For practical purposes the Sharia covers: 1) The whole aspect of the duties of Muslims in connection with their religious, political, social and personal lives while within a Muslim country. 2) The regulations of ritual duties of Muslims while outside a Muslim country. 3) The activities of members of other religions which may be tolerated within a Muslim country insofar as they may not be detrimental to Islam.
A Muslim is expected to accept the Sharia without inquiring into the principles on which it is based or the reason for its demands. Muslims who would like to bring the Sharia up to date are considered heretics. Those who have put forward proposals for a modernised law know that their lives are at risk from the fundamentalists.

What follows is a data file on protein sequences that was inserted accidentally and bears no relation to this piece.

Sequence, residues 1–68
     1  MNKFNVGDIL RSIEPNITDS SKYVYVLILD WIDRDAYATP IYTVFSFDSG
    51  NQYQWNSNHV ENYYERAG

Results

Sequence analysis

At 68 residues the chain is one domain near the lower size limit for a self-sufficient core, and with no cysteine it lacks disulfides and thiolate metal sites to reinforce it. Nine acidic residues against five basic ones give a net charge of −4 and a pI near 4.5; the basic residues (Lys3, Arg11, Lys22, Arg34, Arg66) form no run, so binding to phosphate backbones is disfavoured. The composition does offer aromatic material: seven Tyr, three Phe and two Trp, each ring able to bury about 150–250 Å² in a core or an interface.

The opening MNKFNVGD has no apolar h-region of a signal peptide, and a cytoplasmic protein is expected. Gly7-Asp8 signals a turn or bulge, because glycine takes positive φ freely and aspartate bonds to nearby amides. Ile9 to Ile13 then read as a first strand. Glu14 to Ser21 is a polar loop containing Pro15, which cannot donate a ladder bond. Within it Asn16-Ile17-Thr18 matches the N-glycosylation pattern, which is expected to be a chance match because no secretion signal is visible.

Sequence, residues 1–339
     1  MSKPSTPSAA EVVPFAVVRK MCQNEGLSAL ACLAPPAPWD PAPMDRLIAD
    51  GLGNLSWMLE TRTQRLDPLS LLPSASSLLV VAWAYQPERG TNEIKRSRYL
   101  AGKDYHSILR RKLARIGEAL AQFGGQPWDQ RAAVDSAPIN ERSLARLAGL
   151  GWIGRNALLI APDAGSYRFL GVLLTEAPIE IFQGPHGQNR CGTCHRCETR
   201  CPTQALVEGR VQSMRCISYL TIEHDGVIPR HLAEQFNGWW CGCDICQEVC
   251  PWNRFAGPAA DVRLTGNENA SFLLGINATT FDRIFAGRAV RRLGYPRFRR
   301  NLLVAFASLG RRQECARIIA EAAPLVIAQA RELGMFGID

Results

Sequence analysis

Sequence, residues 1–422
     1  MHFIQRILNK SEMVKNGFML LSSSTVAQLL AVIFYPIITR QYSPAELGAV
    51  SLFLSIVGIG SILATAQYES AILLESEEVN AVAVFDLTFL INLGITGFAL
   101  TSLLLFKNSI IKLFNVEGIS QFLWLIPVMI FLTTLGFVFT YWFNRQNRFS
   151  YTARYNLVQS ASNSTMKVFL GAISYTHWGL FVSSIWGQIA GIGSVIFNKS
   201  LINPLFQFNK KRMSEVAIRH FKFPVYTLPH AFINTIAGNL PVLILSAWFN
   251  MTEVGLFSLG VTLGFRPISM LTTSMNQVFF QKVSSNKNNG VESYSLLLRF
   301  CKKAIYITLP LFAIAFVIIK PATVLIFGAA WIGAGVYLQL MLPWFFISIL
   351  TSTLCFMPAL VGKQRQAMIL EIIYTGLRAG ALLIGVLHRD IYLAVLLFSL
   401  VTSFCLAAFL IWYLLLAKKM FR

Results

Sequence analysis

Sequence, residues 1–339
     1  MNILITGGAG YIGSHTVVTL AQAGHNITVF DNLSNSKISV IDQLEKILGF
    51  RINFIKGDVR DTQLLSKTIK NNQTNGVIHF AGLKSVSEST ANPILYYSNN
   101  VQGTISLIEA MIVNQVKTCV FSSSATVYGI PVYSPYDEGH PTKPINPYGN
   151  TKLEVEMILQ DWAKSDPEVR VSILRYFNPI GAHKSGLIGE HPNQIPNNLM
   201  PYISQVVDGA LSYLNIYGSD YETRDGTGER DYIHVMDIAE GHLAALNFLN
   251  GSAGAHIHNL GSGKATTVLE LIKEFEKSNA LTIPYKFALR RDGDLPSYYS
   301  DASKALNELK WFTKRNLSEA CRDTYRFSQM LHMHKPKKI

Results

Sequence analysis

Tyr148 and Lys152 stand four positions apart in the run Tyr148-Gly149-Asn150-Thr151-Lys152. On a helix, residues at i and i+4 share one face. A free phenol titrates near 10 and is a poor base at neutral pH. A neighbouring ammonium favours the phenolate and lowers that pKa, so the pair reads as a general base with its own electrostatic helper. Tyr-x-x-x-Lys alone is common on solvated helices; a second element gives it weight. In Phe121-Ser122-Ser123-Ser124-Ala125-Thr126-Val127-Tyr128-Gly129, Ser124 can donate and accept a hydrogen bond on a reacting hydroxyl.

While there is no priesthood or clergy in Islam a class have acquired social and religious prestige identical to that exercised by the priests of other religions. This is the ulema (the learned) and the fuqaha (lawyers) – the scholars and custodians of the law. It is they who have traditionally decided what is the ‘official position.’ The legal texts produced by the ulema while authoritative are not held to be infallible and they frequently differed amongst themselves. Exactly what bearing their endeavours should have on the life of Muslims today is one of the more pressing and hotly debated issues of modern Islam. It is an extremely sensitive area.
The sources of the Sharia
There are four sources of the Sharia Law and they are called the ‘Usul al Figh.’ 1. The Quran; 2) The Hadith; 3) ijma’ (unanimous consent); 4) qiyas (reasoning by analogy). A Muslim would say that the Quran is the main basis of the Sharia however, the total number of Quranic verses considered to have legal importance is not more than 600. The example of Muhammad as found in the traditions, or Hadith provides the details of the conduct commanded by the Quran.
The principle of unanimous consent (ijma‘)